Volume XXVI, No. 9, April 3, 2014    

From the Law Offices of Garan Lucow Miller, P.C.

From the Editor: Sarah Nadeau 



 Landlord Owed a Limited Duty to Protect an Invitee Against Criminal Activity



In the recently published case of Bailey v Schaaf, ___ Mich App ___; ___ NW2d ___ (2/4/14), the Court of Appeals approved in part the dismissal of plaintiff’s claims against his landlord, but also reversed in part, allowing plaintiff’s direct claims of negligence against two of the defendants to go forward.

In Bailey, plaintiff was at an outdoor gathering on the grounds of an apartment complex owned by Evergreen when he was shot by defendant Schaaf.  The plaintiff sued Schaaf, but also brought claims against Evergreen, Radney Management, the business that provided security for the apartment complex, Hi-Tech, Hi-Tech’s owner, and the security guards hired by Hi-Tech assigned to the complex on the day of the shooting.  The trial court dismissed plaintiff’s claims against the individual guards, Evergreen, Radney and Hi-Tech, but entered a default judgment against Schaaf.  Plaintiff appealed the dismissal of his claims against Evergreen, Radney and Hi-Tech.

The Court of Appeals, on remand from the Michigan Supreme Court, determined that plaintiff could not rely solely on Hi-Tech’s promise to provide security services to Evergreen to establish a claim against Hi-Tech.  Plaintiff was not a party to Hi-Tech’s agreement with Evergreen and was not a third-party beneficiary under that agreement.  Furthermore, the Court determined that although Hi-Tech had a contractual obligation to provide security guards who would protect Evergreen’s property, tenants, and guests, Hi-Tech had no legal duty to provide such protection because Michigan law is clear that a person does not have a duty to protect others who might be in danger, especially where no special relationship existed between Hi-Tech and plaintiff.  Hi-Tech also owed no duty to plaintiff where it was not the possessor or owner of the premises upon which plaintiff was shot, and, where Hi-Tech was not the landlord, it owed no duty to expedite the involvement of police once it became aware that plaintiff was in imminent danger. Finally, the Court determined that Hi-Tech and its employees did nothing to create a hazard, or increase the danger posed by the existing hazard, where the hazard was a criminal act by a third party.

Regarding plaintiff’s claims against Evergreen and Radney, the Court determined that Evergreen and Radney owed a common law duty to their invitees to expedite the involvement of police when a situation occurred posing a risk of imminent and foreseeable harm to identifiable invitees.  The Court found that this limited duty to protect others from criminal acts applied solely to Evergreen and Radney as the premises possessors and landlords.  Therefore, Evergreen and Radney could not contract with Hi-Tech to meet their duty, and the contract with Hi-Tech did not relieve them of direct liability should Hi-Tech fail to perform its contractual duty.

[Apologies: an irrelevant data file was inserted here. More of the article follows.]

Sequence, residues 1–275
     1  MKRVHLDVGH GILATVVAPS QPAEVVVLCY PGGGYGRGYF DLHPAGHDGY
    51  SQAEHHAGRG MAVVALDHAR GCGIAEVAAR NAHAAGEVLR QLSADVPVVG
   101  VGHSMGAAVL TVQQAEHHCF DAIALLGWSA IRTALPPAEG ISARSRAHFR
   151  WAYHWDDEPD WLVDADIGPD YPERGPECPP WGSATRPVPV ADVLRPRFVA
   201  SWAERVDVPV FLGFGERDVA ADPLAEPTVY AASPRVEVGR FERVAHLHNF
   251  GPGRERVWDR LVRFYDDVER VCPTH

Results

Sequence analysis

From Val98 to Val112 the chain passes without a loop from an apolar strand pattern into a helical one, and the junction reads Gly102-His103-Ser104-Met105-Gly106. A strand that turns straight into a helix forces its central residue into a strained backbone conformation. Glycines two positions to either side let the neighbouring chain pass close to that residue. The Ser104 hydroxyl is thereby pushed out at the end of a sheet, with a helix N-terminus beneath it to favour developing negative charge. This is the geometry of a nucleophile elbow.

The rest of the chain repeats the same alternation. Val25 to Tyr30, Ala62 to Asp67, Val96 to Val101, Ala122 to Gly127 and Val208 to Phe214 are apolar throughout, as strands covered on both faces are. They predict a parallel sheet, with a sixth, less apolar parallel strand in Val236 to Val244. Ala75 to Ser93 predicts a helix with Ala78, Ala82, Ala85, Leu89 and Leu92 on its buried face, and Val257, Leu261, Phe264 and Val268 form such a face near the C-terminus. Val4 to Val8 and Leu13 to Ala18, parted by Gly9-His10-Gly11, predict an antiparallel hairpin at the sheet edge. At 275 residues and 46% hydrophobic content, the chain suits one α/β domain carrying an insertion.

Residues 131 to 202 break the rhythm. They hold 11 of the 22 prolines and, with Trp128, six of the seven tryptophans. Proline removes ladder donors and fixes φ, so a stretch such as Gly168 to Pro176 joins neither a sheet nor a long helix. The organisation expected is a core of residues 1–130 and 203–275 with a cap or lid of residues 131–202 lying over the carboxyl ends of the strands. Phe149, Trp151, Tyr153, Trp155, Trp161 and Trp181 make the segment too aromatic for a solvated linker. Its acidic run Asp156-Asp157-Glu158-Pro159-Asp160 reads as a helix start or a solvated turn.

The Bailey Court held that plaintiff’s claims against Hi-Tech were properly dismissed.  The Court permitted plaintiff’s claims of direct liability against Evergreen and Radney to proceed, however, where they were not solely premised on vicarious liability.  Thus, plaintiff was allowed to proceed with his claim that Evergreen and Radney owed him a duty to protect him from the criminal acts of a third party.









April 23, 2014 at the Frederik Meijer Gardens and Sculpture Park

You and your co-workers are invited to attend our complimentary Annual Spring Breakfast Seminar at the Frederik Meijer Gardens and Sculpture Park on April 23, 2014.  After the seminar, please enjoy all of the indoor and outdoor garden areas as our guests, including the always wonderful Butterflies Are Blooming exhibit.

If you are able to attend, please R.S.V.P., along with the full names and number of attendees, to Lynn Beatty at  or call our office at 616-742-5500.  We look forward to seeing you at the gardens.



8:00 – 8:20 a.m. Registration and Continental Breakfast

8:20 – 8:25 a.m. Welcome and Introduction

David N. Campos, Moderator


8:25- 8:50 a.m. A View From the Bench

Special Guest Speaker: Hon. James R. Redford, Kent County Circuit Court


8:50 – 9:50 a.m. Michigan First Party No-Fault (PIP) Updates

A comprehensive review of significant court decisions over the past year.

Speaker: David N. Campos


9:50 – 10:15 a.m. Property Protection Insurance (PPI) Updates

A presentation specifically focused on Property Protection Insurance claims and strategies for successful handling.

Speaker: Tara L. Velting


10:15 – 10:30 a.m. Break


10:30 – 10:50 a.m. Michigan Third-Party (Automobile Negligence) Updates

How courts are applying McCormick v Carrier, and the continued importance of using a wide variety of social networking sites for impeachment.

Speaker: David A. Couch


10:50 – 11:10 a.m. Updated Strategies for Handling Vehicle and Home Modifications Cases

A presentation specifically focused on Admire v Auto Owners, 494 Mich. 10 (2013) and its effect on modifications claims.

Speaker: Emily L. Partridge


11:10 – 11:50 a.m. Using Biomechanical Engineering to Strengthen Your Case

Guest Speaker: Brian T. Weaver, P.E., Weaver Engineering Co.


11:50 – 12:20 p.m. Michigan Premises Liability Updates

Speaker: Nathan A. Dodson


12:20 – 12:30 p.m. Question and Answer Session With the Panel Speakers




INDY CITY SEMINAR, Indianapolis, Indiana, Marriott Downtown.

May 21, 2014.  Watch for further details in upcoming issues of LawFax